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|WikiProject Medicine / Dermatology||(Rated Start-class, Mid-importance)|
- First, the specific bacterial culture used to synthesise this tryptophan had recently been genetically engineered to greatly increase tryptophan production.
Can somebody explain why is this considered part of the "improper preparation" of the culture? This sentences simply doesn't make sense in its current context. Genetic engineering is an essential part of the preparation of bacterial lines for the production of a biochemical, and is done for thousands of commercial and medical products. Hoes does the author propose the bacteria were going to produce a commercially viable quantity of the product otherwise? Joe D (t) 20:27, 7 October 2007 (UTC)
- Good question and I agree that much of the history section of this article is misleading. The whole EMS episode is greatly confusing and to this date, a definitive explanation of what caused the outbreak has not been found. One theory is that a minor impurity in the production of tryptophan caused the disease and furthermore some of the proposed impurities where dimeric in structure (formed by a chemical reaction between two molecules of tryptophan). It is conceivable that higher concentrations of tryptophan produced in the bioreactor could have resulted in significantly higher production of tryptophan impurities, particularly dimeric impurities. In short, it is unlikely that genetically engineered cells would have directly lead to the impurities, but rather the impurities may have arisen from higher concentrations of tryptophan produced during the fermentation. But again, this has never been proven and therefore criticism of the GM industry over this incident is in my view is unwarranted. Also as stated in the article, the disease may have been caused by consumption of excessive quantities of tryptophan made possible by a cheap and plentiful supply. If this is true, the dietary supplement industry would certainly be to blame and the FDA would be fully justified in banning the sale of tryptophan supplements. Boghog2 21:59, 7 October 2007 (UTC)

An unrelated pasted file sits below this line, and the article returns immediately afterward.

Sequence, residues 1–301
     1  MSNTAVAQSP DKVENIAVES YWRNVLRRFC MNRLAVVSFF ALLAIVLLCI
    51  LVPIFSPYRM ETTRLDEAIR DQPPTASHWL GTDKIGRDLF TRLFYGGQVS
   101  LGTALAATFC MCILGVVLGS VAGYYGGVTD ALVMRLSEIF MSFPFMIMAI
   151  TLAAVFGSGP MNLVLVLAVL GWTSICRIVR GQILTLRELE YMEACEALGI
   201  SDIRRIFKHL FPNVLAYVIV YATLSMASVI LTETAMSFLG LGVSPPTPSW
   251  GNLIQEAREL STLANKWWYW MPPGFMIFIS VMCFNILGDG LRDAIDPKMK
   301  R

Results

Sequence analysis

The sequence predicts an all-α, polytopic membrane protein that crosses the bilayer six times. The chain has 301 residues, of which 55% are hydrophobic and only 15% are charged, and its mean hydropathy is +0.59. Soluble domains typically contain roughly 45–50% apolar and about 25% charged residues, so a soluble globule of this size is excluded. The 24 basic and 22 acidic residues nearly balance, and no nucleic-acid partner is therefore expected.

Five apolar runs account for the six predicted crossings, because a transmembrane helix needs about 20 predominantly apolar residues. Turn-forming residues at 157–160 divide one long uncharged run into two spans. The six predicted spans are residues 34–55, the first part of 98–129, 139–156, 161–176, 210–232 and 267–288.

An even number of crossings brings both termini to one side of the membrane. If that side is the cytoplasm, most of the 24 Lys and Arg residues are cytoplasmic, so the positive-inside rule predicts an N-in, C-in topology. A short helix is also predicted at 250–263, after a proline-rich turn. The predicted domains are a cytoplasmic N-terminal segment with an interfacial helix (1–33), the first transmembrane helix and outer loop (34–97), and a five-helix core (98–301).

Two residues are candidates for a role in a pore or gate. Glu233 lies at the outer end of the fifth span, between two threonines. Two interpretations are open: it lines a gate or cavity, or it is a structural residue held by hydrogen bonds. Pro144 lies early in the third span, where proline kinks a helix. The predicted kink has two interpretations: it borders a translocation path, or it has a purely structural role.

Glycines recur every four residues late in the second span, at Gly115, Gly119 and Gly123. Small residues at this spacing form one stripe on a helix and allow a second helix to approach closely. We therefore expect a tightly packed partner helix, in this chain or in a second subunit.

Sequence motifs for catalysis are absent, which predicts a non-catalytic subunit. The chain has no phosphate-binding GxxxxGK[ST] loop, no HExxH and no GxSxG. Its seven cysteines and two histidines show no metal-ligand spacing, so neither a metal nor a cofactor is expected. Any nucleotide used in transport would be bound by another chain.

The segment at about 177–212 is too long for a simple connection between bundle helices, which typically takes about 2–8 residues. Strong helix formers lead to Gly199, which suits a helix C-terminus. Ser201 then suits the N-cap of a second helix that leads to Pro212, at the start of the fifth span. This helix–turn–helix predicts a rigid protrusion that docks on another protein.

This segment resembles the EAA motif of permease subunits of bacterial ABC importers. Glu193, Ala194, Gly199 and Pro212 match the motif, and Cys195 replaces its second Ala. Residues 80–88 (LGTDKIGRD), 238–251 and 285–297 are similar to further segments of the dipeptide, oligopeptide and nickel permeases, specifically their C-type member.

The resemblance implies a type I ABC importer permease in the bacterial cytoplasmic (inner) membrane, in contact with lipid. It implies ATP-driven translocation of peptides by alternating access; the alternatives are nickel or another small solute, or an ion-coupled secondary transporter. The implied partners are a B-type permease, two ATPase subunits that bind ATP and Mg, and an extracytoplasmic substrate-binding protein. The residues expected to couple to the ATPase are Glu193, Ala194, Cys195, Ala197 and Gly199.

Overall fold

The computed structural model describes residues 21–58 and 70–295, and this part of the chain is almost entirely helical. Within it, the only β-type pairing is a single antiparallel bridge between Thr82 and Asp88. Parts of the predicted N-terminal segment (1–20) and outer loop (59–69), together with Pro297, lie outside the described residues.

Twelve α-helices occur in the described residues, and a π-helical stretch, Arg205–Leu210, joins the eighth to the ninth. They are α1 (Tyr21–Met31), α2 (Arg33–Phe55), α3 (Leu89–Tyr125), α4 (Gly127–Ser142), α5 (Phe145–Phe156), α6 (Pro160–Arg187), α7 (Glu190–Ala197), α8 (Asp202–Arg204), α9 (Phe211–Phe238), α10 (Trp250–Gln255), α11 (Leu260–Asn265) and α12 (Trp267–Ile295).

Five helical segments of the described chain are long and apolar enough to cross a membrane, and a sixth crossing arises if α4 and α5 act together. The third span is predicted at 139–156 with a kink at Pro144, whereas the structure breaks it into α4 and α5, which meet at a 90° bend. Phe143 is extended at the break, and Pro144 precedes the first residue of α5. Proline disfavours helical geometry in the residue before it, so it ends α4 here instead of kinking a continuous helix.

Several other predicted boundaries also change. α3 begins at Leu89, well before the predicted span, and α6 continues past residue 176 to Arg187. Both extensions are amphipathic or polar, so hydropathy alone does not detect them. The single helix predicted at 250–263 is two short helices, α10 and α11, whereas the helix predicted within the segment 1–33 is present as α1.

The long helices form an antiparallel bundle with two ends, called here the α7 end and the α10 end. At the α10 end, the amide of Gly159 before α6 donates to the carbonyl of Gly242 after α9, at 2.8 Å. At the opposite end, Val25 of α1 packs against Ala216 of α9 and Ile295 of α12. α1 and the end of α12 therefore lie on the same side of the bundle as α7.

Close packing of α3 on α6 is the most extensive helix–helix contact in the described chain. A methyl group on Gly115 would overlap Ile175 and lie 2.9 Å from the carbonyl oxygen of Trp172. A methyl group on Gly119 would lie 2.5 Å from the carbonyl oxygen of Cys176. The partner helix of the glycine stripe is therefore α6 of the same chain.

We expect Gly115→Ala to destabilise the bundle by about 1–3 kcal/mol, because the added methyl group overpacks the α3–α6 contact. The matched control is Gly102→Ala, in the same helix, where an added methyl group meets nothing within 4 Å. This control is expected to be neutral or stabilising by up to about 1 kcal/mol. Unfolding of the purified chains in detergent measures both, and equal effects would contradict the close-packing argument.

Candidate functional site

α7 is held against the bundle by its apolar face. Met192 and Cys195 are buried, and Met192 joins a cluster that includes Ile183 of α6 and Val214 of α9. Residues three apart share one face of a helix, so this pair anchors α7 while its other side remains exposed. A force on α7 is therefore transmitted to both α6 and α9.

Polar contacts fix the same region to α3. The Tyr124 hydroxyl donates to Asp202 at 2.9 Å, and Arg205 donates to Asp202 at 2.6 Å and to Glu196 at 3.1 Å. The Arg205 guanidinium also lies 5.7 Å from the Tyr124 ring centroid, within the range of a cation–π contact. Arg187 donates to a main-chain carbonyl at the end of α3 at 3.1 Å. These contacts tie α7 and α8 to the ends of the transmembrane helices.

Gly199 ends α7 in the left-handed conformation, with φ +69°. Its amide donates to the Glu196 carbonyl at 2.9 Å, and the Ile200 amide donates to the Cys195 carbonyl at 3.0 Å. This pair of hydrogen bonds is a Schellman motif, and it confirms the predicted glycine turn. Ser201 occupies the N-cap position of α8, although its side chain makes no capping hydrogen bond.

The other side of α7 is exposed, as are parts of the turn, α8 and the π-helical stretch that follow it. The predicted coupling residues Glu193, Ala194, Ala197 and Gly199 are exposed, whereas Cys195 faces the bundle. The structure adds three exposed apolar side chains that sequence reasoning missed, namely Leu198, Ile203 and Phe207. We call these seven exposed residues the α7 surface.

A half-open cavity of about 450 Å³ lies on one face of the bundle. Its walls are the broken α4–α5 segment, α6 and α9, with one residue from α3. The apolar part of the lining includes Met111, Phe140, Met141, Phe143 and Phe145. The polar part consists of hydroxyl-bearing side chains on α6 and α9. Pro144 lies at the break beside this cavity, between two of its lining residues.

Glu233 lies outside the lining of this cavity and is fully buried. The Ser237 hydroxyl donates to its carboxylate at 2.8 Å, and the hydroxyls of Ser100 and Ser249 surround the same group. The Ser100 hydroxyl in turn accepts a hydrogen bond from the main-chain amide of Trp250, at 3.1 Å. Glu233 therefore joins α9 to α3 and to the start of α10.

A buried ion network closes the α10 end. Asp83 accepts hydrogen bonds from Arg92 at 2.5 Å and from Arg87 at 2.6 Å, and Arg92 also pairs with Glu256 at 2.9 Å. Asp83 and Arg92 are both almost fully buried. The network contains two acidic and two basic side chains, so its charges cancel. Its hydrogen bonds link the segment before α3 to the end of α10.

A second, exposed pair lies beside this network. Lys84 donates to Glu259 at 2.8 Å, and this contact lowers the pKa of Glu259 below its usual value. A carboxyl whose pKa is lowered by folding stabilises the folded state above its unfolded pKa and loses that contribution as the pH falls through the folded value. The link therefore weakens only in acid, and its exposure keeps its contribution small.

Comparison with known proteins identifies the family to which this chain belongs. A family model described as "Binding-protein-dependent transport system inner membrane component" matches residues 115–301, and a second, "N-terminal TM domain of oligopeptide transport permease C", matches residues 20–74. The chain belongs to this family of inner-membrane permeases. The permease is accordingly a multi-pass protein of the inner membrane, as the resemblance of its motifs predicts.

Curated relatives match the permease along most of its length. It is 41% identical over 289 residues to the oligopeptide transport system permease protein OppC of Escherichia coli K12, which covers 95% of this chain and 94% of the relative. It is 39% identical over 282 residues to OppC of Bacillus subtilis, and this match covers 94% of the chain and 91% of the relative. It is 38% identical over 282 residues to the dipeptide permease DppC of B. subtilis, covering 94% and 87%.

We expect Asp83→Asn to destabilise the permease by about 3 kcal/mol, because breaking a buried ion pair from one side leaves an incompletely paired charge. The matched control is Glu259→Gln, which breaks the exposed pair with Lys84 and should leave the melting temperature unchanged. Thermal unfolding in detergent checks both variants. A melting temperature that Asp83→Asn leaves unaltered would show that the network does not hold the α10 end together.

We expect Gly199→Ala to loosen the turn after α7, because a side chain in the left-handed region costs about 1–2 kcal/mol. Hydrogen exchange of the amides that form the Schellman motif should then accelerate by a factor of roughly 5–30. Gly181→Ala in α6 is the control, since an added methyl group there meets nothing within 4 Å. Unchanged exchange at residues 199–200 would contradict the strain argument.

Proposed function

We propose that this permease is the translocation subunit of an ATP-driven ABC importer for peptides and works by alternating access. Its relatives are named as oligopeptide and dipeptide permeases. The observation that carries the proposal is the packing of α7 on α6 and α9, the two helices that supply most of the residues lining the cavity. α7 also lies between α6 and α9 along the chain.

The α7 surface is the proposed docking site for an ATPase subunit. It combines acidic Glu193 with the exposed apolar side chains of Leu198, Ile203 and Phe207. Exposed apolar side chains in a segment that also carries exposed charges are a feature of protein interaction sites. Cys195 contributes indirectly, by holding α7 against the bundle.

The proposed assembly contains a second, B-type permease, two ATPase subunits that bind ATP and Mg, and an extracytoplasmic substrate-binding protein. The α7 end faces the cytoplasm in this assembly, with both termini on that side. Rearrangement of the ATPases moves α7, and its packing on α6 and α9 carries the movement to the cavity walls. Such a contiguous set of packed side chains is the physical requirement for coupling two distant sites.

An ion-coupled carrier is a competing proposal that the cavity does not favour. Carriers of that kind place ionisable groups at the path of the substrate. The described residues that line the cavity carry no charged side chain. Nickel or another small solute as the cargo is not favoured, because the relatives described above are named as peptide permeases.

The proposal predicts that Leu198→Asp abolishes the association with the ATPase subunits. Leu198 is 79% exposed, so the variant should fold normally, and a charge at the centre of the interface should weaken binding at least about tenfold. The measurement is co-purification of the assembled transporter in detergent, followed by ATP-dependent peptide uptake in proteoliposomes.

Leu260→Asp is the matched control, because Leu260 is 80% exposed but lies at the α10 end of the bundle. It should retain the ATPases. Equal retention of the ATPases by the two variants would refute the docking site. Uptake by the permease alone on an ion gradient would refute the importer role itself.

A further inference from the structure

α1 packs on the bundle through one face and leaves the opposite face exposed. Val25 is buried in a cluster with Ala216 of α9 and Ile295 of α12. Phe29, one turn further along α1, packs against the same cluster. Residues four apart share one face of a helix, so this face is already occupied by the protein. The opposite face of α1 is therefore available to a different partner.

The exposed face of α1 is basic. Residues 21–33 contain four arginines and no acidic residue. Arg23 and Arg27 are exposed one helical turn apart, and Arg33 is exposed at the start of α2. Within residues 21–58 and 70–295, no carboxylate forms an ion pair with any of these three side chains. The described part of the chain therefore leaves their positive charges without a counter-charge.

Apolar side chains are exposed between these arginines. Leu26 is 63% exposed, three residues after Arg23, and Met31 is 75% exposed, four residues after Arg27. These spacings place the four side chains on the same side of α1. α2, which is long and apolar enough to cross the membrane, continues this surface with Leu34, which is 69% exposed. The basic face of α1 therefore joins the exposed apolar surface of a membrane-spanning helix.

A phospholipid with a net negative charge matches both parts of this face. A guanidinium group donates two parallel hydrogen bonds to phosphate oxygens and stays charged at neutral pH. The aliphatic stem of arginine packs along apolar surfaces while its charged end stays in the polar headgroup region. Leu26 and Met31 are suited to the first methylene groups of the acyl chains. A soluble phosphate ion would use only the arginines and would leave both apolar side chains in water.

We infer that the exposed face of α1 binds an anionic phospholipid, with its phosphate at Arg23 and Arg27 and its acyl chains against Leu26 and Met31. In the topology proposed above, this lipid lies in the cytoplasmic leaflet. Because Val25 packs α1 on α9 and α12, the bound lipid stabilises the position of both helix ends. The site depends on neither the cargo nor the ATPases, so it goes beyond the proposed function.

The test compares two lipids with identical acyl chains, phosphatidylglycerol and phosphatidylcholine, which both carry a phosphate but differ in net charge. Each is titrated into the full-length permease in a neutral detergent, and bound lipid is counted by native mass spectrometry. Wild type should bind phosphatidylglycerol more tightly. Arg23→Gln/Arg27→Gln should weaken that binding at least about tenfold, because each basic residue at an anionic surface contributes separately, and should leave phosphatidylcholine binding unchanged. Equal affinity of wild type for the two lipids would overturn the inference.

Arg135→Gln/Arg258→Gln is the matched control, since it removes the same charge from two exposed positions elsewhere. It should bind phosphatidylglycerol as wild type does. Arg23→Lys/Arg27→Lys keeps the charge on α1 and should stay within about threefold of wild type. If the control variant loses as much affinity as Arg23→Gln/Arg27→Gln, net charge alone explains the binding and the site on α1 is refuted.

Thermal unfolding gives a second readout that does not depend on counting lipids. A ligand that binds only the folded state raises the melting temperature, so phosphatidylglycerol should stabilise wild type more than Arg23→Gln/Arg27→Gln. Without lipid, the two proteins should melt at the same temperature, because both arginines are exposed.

I agree with the comments above that much of the history section of this article is misleading, especially the phrase "improper preparation." This Wikipedia entry lacks many important details, such as the clinical features of the disease. I recommend that the article be revised by a physician or research scientist to include a more objective accounting of the history of the disease, as well as a more detailed description of the clinical aspects of EMS. Csu-am (talk) 22:42, 11 February 2010 (UTC)
More on syndrome?
Is anything more known about the disease? Except for the lead paragraph the article is excusively speculation about the association with tryptophan. What are the symptoms, the treatment, etc? 220.127.116.11 (talk) 20:23, 3 December 2010 (UTC)